Since 1974, tuition has been on the rise and has reached new heights. One reason why tuition is increasing is because of “the state governments’ unwillingness or inability to raise per-student financing” (Davidson). The government is spending less on college and moving those funds into other categories, such as the military. Furthermore, colleges are spending less on each student than they did during pre-recession (Fox). Even after the recession, the government is continuously cutting more and more from education funds. As the government cuts more from education funds, tuition cost will steadily increase to compensate the loss. Tuition increased from 1994 to 2015 is depicted in the graph on the next page. Drawing a conclusion from the graph, it is possible that if this trend continues, public colleges will approximately reach the same price as private colleges one day. The amount of financial aid given is unable to meet the needs of lower income students,
I have lived in North Carolina for almost fifteen years now. Throughout this period I have seen the abundance of opportunities here in North Carolina especially in education. There are countless numbers of great colleges and universities, however, since I have lived in the mundane city of Greensboro I feel constricted in my environment. Wilmington, being close to the sandy beaches of Wrightsville beach and home to a great university has led me to consider moving east. UNC Wilmington, being the state’s coastal university reflects the values of numerous things such as ethics, integrity, and diversity. These values, as listed in the mission statement, demonstrate how UNC Wilmington aims to excell an individual through a great variety of baccalaureate,
The ideal purpose of a college education was not to become the greatest financial outlay for a parent or guardian. It’s basic mission was to challenge the minds of younger individuals but instead many are burdened with staggering loans from something that was meant essentially to benefit. It has become a common burden for a family to be in debt six figures behind college tuition and colleges are losing their primary purpose of challenging the mind of young individuals. The essay “Are Colleges Worth the Price of Admission?”, helps the reader to understand how colleges have lost their soul purpose of educating by listing colleges who reinforce the idea that colleges have lost track of their basic mission. These exceptions show the reader how other colleges could possibly be able to gain their purpose again through reformation. The writer cites colleges who have not lost their priority to help reform those who have.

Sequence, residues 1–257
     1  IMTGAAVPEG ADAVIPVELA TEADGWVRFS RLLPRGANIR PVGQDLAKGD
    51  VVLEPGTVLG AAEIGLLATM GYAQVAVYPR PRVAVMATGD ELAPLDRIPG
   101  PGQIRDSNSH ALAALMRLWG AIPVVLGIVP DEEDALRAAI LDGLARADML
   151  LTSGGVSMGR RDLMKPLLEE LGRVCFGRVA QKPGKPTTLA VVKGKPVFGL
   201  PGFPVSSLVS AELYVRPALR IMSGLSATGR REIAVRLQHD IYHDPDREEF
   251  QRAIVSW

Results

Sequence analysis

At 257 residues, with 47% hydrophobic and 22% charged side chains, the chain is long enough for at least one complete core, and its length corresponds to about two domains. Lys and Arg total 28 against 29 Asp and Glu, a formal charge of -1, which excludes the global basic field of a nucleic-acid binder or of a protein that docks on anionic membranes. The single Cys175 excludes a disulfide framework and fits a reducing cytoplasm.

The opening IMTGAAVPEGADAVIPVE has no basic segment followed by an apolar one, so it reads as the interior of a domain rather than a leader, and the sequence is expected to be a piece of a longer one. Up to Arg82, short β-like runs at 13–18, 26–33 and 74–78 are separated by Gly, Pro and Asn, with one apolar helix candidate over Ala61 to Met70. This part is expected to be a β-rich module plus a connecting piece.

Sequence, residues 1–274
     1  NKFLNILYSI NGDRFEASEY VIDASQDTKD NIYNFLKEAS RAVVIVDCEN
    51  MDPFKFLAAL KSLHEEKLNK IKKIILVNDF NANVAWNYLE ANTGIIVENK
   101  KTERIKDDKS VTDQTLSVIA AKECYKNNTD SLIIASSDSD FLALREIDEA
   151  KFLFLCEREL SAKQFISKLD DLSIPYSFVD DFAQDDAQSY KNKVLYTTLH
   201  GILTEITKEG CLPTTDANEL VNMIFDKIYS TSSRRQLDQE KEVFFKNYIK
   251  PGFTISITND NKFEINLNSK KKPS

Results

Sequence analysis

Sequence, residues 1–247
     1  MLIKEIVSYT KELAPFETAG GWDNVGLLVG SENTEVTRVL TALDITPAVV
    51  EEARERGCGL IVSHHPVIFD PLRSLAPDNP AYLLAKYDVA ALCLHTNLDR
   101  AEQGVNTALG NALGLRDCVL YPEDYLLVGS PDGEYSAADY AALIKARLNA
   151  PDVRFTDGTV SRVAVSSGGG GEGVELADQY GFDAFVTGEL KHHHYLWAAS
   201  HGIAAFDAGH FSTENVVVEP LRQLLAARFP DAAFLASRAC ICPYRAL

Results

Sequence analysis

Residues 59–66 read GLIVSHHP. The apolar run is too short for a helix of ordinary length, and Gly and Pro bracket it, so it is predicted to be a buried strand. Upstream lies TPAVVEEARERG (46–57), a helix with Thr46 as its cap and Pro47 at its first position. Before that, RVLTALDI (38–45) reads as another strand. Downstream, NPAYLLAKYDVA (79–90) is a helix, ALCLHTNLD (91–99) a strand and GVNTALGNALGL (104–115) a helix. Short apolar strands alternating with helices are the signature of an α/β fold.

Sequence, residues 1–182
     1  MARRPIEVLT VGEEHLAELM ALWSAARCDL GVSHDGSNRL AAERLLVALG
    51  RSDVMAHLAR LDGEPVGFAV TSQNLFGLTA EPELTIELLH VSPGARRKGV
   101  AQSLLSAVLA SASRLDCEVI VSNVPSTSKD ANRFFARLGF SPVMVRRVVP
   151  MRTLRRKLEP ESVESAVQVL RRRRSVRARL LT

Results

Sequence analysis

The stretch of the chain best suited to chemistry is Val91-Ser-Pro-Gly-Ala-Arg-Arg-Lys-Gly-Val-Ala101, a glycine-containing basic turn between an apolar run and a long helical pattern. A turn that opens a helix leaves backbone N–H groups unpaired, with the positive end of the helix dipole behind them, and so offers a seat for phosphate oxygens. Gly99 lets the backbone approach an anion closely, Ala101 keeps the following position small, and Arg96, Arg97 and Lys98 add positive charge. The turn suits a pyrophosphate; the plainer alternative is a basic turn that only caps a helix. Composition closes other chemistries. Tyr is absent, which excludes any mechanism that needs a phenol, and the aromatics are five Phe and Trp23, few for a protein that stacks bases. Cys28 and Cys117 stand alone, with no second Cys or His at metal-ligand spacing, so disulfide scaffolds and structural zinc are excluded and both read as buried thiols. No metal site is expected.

In 2007 the Great Recession began the pivotal moment for the increase of tuition in public education. According to the website, Working State America, starting “in 2008 and 2009, the U.S. labor market lost 8.4 million jobs, or 6.1% of all payroll employment. This was the most dramatic employment
The article “The financially sustainable university” by Jeff Denneen and Tom Dretler, speaks about the financial crisis that institutions face and outlines areas of concern that colleges need to focus on to make the change to becoming financially sustainable. Colleges and Universities have been the foundation of economic prosperity and the key to realizing the American dream (Denneen, 2012), however; the increasing tuition rates and student loan debt continues to plague them. There was a time when tuition increases were passed on to the students, however; no longer are students and their families in a position to fund their education as in the years before. These economic factors have made innovation and change necessary to survive (Denneen, 2012).
In today 's world where the population, especially of the United States, is growing gloriously diverse, institutions of higher education must also reflect this aspect in their student body. The purpose of colleges and universities is to provide students with the education and experience they need to succeed after graduating as well as expand their thoughts and perspectives. Thus, they must create and maintain a similar environment in which students will live and work in the future. Although diversity has been emphasized as a priority for many schools, socioeconomic diversity is often disregarded. However, socioeconomic diversity plays an important role in developing the perspectives and minds of students. Thus, it is essential for the admission offices, especially of prestigious universities like the University of Pennsylvania, to recruit and admit more economically disadvantaged students as well as for the schools to meet the needs of and maintain those students.
Upon identifying programs available on various college campuses as they relate to first year students; it has become noticeable that university leaders are concerned with the retention of students within their first and second year of college. Therefore many universities have developed programs that are focused on the success of the freshman student and ensuring that group of students’ matriculations throughout their degree programs. As quoted in “The Dynamics of Organization in Higher Education (Kuh, 1996) “the frequent and increasingly predictable accusation that institutions of higher education operate in “silos” is based on their various schools, colleges, and athletic programs operating in parallel with one another, more focused on promoting than on adhering to or accomplishing broader institutional